By David Foster
So, the ban on assisted suicide remains.
For that, many will be thankful whilst being sympathetic to the tragic, difficult circumstances of those who are desperate for death and often, but not always, very ill.
These cases were heard by nine law lords of the supreme court. The mechanics of British justice were impressive, including a tour de force of a judgment by Lord Justice Toulson in the court of appeal and a cutting-edge debate of the law lords as they each illuminated points or commented to help the whole court.
Lord Neuberger looked moral issues in the face and said the courts will handle them. He pointed out that difficult or unpleasant decisions can, on occasion, be better dealt with by judges than the legislature because the courts are less susceptible to the pressures of the moment.
But he acknowledged parliamentary sovereignty and democratic accountability as having a final say and accorded parliament the opportunity of whether to amend the Coroners And Justice Act 2009, which makes an offence of doing an act capable of encouraging or assisting the suicide or attempted suicide of another person. He clearly wants to avoid a clash between court and parliament.
It is a truism that hard cases make bad law. The statutory ban on assisting suicide is subject to the director of public prosecution's (DPP) prosecutorial discretion. Everyone agrees that there are cases where prosecution is inappropriate even though the constituent parts of the offence are met.
The law is sensible – and many would say works well – in investing in the DPP the ability to make judgments on who should or should not be prosecuted. Of 85 cases referred to the Crown Prosecution Service between April 1st 2009 and October 1st 2013, 64 were not proceeded with, 11 withdrawn and one successfully prosecuted.
The appellants in effect wanted to carve out an exemption to prosecution for a class of people which would have circumvented statutory legislation. There would have been real dangers in such an approach.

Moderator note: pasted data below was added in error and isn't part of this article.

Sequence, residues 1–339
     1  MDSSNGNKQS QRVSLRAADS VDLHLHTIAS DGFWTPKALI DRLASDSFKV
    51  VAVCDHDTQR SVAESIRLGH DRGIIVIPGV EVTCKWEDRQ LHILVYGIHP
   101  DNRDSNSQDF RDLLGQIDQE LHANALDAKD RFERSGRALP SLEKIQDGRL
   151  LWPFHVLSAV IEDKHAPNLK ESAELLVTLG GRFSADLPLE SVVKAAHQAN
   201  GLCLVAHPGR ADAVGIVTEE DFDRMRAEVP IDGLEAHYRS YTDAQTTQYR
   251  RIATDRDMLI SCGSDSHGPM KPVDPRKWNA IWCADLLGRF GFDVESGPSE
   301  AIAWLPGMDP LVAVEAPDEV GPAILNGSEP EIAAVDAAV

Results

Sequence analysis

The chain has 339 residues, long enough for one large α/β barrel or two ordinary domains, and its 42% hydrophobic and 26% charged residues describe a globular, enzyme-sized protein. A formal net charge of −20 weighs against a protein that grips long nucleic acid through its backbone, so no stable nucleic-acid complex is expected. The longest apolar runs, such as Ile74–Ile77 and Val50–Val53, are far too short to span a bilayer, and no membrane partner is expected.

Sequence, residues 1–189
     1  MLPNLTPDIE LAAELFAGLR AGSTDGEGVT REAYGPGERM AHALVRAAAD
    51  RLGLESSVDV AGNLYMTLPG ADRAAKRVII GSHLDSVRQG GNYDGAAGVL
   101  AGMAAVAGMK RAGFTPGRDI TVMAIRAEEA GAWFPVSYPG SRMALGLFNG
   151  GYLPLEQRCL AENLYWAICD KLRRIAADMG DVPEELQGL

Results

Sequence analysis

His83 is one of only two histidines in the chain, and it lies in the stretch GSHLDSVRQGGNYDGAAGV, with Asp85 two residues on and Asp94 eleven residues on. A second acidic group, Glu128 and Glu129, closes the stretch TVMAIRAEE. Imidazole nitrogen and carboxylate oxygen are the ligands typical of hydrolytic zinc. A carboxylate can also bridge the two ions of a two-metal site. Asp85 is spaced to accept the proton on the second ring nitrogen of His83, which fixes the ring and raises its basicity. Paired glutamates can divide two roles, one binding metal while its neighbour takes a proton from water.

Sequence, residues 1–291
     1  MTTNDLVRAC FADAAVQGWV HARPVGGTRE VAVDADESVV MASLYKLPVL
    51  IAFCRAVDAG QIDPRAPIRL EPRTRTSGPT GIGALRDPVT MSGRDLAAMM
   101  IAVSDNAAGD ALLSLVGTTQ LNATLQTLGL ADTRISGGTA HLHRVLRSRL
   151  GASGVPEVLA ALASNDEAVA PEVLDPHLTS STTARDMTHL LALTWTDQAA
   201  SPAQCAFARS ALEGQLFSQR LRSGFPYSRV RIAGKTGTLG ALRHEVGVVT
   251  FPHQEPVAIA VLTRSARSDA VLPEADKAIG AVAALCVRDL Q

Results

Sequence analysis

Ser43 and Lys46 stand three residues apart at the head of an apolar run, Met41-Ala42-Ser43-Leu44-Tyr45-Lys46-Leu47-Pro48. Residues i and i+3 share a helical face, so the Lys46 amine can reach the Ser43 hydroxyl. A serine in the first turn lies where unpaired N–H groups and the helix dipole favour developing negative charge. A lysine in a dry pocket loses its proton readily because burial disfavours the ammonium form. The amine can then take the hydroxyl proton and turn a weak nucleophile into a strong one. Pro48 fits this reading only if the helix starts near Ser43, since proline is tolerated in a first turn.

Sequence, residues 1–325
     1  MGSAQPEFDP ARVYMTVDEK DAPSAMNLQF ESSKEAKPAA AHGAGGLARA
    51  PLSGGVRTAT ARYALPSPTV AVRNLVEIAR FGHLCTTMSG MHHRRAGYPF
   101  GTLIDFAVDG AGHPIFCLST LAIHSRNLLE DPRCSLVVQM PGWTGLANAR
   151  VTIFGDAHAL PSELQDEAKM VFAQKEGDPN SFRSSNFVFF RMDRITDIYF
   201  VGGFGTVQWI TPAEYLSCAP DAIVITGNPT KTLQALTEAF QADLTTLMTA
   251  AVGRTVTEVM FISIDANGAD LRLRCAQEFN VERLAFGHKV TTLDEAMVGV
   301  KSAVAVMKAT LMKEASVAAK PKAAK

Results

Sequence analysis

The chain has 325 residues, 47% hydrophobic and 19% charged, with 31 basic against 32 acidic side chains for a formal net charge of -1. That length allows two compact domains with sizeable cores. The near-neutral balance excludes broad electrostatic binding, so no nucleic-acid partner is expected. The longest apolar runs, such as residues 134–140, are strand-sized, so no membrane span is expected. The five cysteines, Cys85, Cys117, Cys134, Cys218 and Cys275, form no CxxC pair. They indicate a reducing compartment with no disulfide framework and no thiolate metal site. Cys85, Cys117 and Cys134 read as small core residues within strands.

Lord Neuberger accepted that a blanket ban on assisting suicide protects the weak and vulnerable. He pointed out that there will be those like the appellants who do not wish to die and are in a particularly vulnerable position. Change the law and the message to the weak and vulnerable will be such as to make them more at risk of committing or seeking assistance to commit suicide, even when that is not what they really want. People easily feel valueless and an unjustifiable burden to others.
Concerns over the weak and vulnerable meant that judges raised the spectre of evidence being brought before the courts as to a safe and robust system to protect them. It is noteworthy that Lord Neuberger saw no point in singling out the terminally ill for special treatment – it is notoriously difficult to accurately assess when the end of life will occur – and he clearly felt that if anyone was going to be in the position of allowing early end to life it will not be the doctors but a court judge who will carefully weigh the issues.
In court, focused evidence on risk and safeguards may be the subject of the next litigation. However, as Lord Sumption said, the state is the guardian of moral values which have no "rational" or "utilitarian" justification. No-one of repute regards the risks in changing the law as insignificant. Lord Sumption favoured parliament's careful scrutiny of the subject and thought it clear parliament has determined the law should remain as it is.
He is right – now we await the introduction of a bill on the subject in July. Let us hope parliamentarians do not underestimate how humane and flexible the law really is.
David Foster is a partner in dispute resolution law at law firm Barlow Robbins and a board member at Care Not Killing.
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